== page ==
An unnamed senior Russian official told the Israeli newspaper Yedioth Ahronoth that Russia had urged Syrian President Bashar al-Assad and Hezbollah “not to respond and concentrate on the big picture”, adding that if Hezbollah and Iran “overstep their bounds in their involvement in Syria, we will suppress them”.

The alleged strike came almost exactly ten years after an attack on another suspected Syrian nuclear facility in Deir ez-Zor in eastern Syria. Israel was also believed to be behind that attack although it did not claim responsibility then either.

At a news conference on the day of the alleged strike, US President Donald Trump said the US “would be extremely upset if [al-Assad] was using chemical weapons” but added that he had not heard reports that the Syrian regime was continuing to do so. “As far as Syria is concerned, we have very little to do with Syria other than killing IS. What we do is we kill IS,” he said.

Supporters of Israel said the alleged attack was necessary. In his New York Times article, Amos Yadlin wrote, ‘The facility that was hit produces chemical weapons, barrel bombs and a variety of other weapons that the [al-Assad] regime has used to massacre innocents. Destroying it could save count-less lives.’ Israel is prepared to respond militarily to any retaliation, he continued, but warned against ‘being dragged into a war on the northern border’.

Analysts have speculated about the likelihood and timing of another war between Israel and Hezbollah. If such a war happens, it will likely be more devastating than the previous conflict in 2006 as Hezbollah has since built up its capabilities and become more enmeshed in the official Lebanese power structure. For its part, Israel has threatened to launch even more attacks than in 2006 on civilian targets and infrastructure. Damage to infrastructure at the time was estimated at $2.5 billion.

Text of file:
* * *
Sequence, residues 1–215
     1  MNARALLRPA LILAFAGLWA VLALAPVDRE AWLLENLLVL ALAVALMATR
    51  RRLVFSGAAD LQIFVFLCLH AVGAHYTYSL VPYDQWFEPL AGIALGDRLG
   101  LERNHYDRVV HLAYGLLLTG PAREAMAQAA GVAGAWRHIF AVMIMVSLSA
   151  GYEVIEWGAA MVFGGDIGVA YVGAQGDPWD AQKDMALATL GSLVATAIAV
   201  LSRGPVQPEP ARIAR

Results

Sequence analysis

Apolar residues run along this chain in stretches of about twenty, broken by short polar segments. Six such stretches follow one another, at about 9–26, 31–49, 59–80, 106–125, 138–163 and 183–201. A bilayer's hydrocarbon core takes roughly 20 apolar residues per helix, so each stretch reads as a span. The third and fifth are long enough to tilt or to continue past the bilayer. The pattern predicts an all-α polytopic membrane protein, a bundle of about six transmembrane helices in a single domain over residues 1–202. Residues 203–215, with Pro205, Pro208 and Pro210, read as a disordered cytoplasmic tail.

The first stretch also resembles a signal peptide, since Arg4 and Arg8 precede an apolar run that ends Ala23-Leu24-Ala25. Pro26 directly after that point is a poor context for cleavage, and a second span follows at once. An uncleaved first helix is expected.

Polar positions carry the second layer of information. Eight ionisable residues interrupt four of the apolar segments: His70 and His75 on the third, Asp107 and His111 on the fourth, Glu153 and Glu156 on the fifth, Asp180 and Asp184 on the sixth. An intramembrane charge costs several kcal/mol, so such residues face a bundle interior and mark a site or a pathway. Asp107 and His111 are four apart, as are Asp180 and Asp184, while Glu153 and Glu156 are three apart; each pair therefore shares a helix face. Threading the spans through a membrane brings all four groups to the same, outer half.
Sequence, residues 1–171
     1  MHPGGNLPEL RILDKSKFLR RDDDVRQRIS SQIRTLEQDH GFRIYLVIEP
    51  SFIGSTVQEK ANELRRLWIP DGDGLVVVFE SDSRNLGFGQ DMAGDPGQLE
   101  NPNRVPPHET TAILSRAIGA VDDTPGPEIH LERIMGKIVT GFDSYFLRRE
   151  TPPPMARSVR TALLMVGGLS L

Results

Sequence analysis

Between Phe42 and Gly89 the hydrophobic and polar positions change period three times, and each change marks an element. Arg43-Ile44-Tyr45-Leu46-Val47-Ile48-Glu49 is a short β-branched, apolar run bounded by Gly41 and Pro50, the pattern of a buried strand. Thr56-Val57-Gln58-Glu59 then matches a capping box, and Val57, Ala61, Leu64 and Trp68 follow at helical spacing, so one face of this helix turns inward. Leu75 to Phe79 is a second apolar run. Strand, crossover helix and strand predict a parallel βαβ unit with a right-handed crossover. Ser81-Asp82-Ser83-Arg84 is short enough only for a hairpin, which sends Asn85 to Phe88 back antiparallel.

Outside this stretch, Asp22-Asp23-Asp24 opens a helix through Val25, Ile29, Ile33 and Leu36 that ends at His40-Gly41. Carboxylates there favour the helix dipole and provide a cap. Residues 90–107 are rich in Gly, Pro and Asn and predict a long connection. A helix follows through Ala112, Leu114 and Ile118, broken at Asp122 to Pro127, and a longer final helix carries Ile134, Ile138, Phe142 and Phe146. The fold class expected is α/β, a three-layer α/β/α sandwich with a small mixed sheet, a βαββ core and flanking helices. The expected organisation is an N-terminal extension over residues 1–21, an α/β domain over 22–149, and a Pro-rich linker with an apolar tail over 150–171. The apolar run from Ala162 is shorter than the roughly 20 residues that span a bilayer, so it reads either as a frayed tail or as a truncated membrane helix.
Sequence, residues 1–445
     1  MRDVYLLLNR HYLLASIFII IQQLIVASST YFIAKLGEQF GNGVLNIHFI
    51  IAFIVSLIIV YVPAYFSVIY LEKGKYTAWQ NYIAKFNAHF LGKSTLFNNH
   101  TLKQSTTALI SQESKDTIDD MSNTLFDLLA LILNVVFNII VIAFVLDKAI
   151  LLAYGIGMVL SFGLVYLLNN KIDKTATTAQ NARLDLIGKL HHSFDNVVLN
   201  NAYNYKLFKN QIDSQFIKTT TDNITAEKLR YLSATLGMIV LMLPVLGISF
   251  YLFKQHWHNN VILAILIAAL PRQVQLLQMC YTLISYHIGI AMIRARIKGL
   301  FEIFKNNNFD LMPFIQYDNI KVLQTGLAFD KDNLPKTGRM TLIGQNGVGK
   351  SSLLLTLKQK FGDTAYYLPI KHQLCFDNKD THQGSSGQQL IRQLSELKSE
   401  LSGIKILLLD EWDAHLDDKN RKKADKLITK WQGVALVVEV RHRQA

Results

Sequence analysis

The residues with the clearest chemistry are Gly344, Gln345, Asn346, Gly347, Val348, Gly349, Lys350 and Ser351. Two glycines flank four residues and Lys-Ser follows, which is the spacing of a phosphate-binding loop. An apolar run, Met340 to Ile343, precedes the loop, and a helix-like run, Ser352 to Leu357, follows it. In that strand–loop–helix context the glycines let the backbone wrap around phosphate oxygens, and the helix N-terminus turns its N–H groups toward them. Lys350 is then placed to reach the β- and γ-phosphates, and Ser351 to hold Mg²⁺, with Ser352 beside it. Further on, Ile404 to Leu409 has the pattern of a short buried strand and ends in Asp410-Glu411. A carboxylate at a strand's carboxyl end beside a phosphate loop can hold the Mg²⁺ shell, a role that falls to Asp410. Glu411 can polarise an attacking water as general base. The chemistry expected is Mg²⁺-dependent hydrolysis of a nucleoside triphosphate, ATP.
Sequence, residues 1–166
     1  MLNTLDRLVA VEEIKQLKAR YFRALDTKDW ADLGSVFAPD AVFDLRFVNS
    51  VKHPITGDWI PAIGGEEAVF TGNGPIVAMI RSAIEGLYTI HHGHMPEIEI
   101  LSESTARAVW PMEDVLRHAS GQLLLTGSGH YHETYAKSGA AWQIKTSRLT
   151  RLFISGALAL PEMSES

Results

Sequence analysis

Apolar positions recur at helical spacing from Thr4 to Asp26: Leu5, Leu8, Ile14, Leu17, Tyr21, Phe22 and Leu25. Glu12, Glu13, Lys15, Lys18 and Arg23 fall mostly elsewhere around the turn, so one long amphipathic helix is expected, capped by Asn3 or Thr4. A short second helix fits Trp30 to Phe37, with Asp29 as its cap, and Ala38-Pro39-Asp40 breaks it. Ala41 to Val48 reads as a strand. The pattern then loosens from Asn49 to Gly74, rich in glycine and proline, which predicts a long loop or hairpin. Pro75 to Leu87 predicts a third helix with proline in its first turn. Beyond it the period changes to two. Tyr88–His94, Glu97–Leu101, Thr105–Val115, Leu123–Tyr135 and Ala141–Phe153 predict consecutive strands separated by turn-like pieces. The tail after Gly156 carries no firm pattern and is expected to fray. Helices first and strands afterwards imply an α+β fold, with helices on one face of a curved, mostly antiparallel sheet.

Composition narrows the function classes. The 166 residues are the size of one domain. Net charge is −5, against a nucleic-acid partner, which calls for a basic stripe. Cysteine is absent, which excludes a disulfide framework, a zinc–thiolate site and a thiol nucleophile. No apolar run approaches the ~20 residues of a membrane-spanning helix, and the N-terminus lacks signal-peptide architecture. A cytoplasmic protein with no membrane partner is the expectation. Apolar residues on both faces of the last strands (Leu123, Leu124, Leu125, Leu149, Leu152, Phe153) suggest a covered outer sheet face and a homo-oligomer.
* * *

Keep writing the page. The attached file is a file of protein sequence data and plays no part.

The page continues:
© Copyright Notice
Click on link to view the associated photo/image:

We would like to ask you something …

Fanack is an independent media organisation, not funded by any state or any interest group, that distributes in the Middle East and the wider world unbiased analysis and background information, based on facts, about the Middle East and North Africa.

The website grew rapidly in breadth and depth and today forms a rich and valuable source of information on 21 countries, from Morocco to Oman and from Iran to Yemen, both in Arabic and English. We currently reach six million readers annually and growing fast.

In order to guarantee the impartiality of information on the Chronicle, articles are published without by-lines. This also allows correspondents to write more freely about sensitive or controversial issues in their country. All articles are fact-checked before publication to ensure that content is accurate, current and unbiased.

To run such a website is very expensive. With a small donation, you can make a huge impact. And it only takes a minute. Thank you.

  • Libya: why enforcing an arms embargo is so hard

    A stable truce in Libya needs an efficient arms embargo. The ultimate beneficiaries of such an embargo – the Libyan population – are unlikely to see any improvements soon. The years of international meddling have led to many countries having steadfast interests in Libya, and as it currently stands, no one is willing to take losses.

  • Middle East: Ever More Unstable

    Sadly, these developments coupled with a worldwide crisis of leadership may well worsen before a new generation of leaders can rise and try in earnest to resolve many of these conflicts humanely, passionately and equitably to ensure their durability.
  • As protests continue, Lebanon’s sectarian power-sharing stalemate must end

    Power-sharing institutions need not be as narrowly prescribed as they currently are in Lebanon. These protests are a critical moment for the start of a national conversation on how to expand the basis of inclusion in Lebanese political life. So far, protesters have joined up across sect, class and gender in a way previously considered impossible. It is this solidarity that may yet serve as the pathway towards a post-sectarian future, with or without power-sharing.